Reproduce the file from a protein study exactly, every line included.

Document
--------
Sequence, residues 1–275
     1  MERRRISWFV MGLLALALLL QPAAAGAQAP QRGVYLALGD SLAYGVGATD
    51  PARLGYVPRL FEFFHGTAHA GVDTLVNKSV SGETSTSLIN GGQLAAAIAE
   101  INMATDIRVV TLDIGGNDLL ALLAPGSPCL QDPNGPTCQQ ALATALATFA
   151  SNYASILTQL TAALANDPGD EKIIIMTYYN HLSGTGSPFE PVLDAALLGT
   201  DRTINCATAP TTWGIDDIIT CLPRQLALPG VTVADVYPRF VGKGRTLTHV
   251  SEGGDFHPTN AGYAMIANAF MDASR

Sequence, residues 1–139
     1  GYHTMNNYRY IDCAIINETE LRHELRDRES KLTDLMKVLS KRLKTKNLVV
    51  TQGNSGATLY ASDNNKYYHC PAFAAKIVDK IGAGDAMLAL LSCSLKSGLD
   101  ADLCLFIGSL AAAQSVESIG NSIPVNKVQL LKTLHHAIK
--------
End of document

Sequence, residues 1–275
     1  MERRRISWFV MGLLALALLL QPAAAGAQAP QRGVYLALGD SLAYGVGATD
    51  PARLGYVPRL FEFFHGTAHA GVDTLVNKSV SGETSTSLIN GGQLAAAIAE
   101  INMATDIRVV TLDIGGNDLL ALLAPGSPCL QDPNGPTCQQ ALATALATFA
   151  SNYASILTQL TAALANDPGD EKIIIMTYYN HLSGTGSPFE PVLDAALLGT
   201  DRTINCATAP TTWGIDDIIT CLPRQLALPG VTVADVYPRF VGKGRTLTHV
   251  SEGGDFHPTN AGYAMIANAF MDASR

Sequence, residues 1–139
     1  GYHTMNNYRY IDCAIINETE LRHELRDRES KLTDLMKVLS KRLKTKNLVV
    51  TQGNSGATLY ASDNNKYYHC PAFAAKIVDK IGAGDAMLAL LSCSLKSGLD
   101  ADLCLFIGSL AAAQSVESIG NSIPVNKVQL LKTLHHAIK